In this interregnum, in particular, where the entire social universe of capital is locked up in the commodity form, where capital’s internal contradictions have created a global division of labour that appears astonishingly insurmountable, and where the ecological stakes for human survival have shifted in such seismic proportions, creating a vortex in which reactionary terrorism has unleashed its unholy cry, we lament the paucity of critical/pedagogical approaches to interrogating the vagaries of everyday life within capital’s social universe.
Understandably enough, progressive educators are often wont to ask: Were the 1960s the last opportunity for popular revolutionary insurgency on a grand scale to be successful? Did the political disarray of prodigious dimensions that followed in the wake of the rebuff of the post-1968 leftist intelligentsia by the European proletariat condemn the revolutionary project and the ‘productionist’ meta-narrative of Marx to the dustbin of history? Have the postmodernist emendations of Marxist categories and the rejection —for the most part— of the Marxist project by the European and North American intelligentsia signaled the abandonment of hope in revolutionary social change? Can the schools of today build a new social order?
A nagging question has sprung to the surface of the debate over schooling and the new capitalist order: Can a renewed and revivified critical pedagogy distinctly wrought by an historical materialist approach to educational reform serve as a point of departure for a politics of resistance and counter-hegemonic struggle in the twenty-first century? And if we attempt to uncoil this question and take seriously its full implications, what can we learn from the legacy and struggle of revolutionary social movements? The fact that Marxist analysis has been discredited within the educational precincts of capitalism America does not defray the substance of these questions. On the surface, there are certain reasons to be optimistic. Critical pedagogy has, after all, joined anti-racist and feminist struggles in order to articulate a democratic social order built around the imperatives of diversity, tolerance, and equal access to material resources. But surely such a role, while commendable as far as it goes, has seen critical pedagogy severely compromise an earlier, more radical commitment to anti-imperialist struggle that we often associate with the anti-war movement of the 1960s and earlier revolutionary movements in Latin America.
What does the historical materialist approach often associated with an earlier generation of social critics offer educators who work in critical education? We raise this question at a time in which it is painfully evident that critical pedagogy and its political partner and congener, multicultural education, no longer serve as an adequate social or pedagogical platform from which to mount a vigorous challenge to the current social division of labour and its effects on the socially reproductive function of schooling in late capitalist society. In fact, critical pedagogy no longer enjoys its status as a herald for democracy, as a clarion call for revolutionary praxis, as a language of critique and possibility in the service of a radical democratic imaginary, which was its promise in the late 1970s and early 1980s. As I will attempt to argue throughout the remainder of this essay, part of this has to do with the lack of class analysis evinced in its work, but it also is related to the general retreat of the educational left in the United States over the last several decades.
8. Critical Pedagogy: Contemporary Challenges for the Educational Left
Critical pedagogy has had a tumultuous relationship with the dominant education community both in North America and the United Kingdom  for the past twenty-five years. Clearly, on both sides of the Atlantic, the educational community has been aprioristically antagonistic to Marxist critique (clearly more so in the United States), effectively undercutting the development of Marxist criticism in education. Many of the current attempts to muster a progressive educational agenda among education scholars in suffused with an anti-communist bias. Only occasionally is the excessive rejectionism of Marxism by postmodern educationalists accompanied by analysis; rarely is it ever accomplished beyond the level of fiat. To borrow a commentary that Barbara Foley directs at the post-Marxism of Laclau and Mouffe, “it conflates politics with epistemology in an irrevocably linked chain of signifiers: the authoritarian party equals class reductionism equals logocentricity; totality equals totalitarianism”.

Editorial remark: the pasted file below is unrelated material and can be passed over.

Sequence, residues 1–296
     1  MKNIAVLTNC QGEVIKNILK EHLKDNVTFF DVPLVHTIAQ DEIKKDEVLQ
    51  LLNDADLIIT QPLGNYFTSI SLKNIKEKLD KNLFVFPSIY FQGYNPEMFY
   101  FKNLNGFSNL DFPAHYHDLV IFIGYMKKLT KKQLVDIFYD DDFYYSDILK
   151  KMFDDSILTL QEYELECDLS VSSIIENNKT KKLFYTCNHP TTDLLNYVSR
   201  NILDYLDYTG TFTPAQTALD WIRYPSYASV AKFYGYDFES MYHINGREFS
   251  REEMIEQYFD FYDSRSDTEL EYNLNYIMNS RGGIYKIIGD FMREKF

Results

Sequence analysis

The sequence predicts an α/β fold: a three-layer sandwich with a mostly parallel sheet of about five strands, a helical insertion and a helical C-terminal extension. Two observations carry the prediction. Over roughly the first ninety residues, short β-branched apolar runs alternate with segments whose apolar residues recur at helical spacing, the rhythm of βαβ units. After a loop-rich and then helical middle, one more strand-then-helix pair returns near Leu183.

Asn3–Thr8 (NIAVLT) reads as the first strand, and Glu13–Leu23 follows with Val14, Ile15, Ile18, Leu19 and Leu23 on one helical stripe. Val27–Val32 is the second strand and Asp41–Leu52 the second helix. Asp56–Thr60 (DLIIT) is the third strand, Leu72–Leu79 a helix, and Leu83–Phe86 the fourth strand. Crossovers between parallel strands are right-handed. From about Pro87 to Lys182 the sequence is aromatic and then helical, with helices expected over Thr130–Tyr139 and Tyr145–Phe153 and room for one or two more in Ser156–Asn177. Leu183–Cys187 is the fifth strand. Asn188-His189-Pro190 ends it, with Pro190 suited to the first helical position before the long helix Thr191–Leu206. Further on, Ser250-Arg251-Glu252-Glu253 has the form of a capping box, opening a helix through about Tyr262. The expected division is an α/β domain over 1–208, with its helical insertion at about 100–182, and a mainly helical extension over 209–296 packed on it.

Our own practices —what Paula Allman has christened “revolutionary critical pedagogy”— ups the radical ante for progressive education which, for the most part over the last decade, has been left rudderless amidst an undertow of domesticating currents. It ups this ante by pivoting around the work of Karl Marx, Paulo Freire, and Antonio Gramsci and in doing so brings some desperately needed theoretical ballast to the teetering critical educational tradition. Such theoretical infrastructure is necessary, we argue, for the construction of concrete pedagogical spaces – in schools, university seminar rooms, cultural centres, unions, social movements, popular forums for political activism, etc. – for the fostering and fomenting of revolutionary praxis.
While it certainly remains the case that too many teachers take refuge in a sanctuary of assertions devoid of critical reflection, it would be wrong to admonish the educational activism of today as a form of pedagogical potvaliancy. Courageous attempts are being made in the struggle for educational reform in both North America and the United Kingdom. In this case, we need to be reminded that the lack of success of the educational Left is not so much the result of the conflicted sensibilities of critical educators, as it is a testament to the preening success of Western Cold War efforts in indigenising the cultural logic of capitalism, the fall of the Eastern Bloc non-profit police states, and the degradation and disappearance of Marxist meta-narratives in the national-popular agendas of decolonising countries. It can also be traced to the effects of the labour movement tradition which keeps labour-left educators struggling inside the labor/capital antagonism by supporting labour over capital, rather than attempting to transcend this divide entirely through efforts to implode the social universe of capital out of which the labour/capital antagonism is constituted.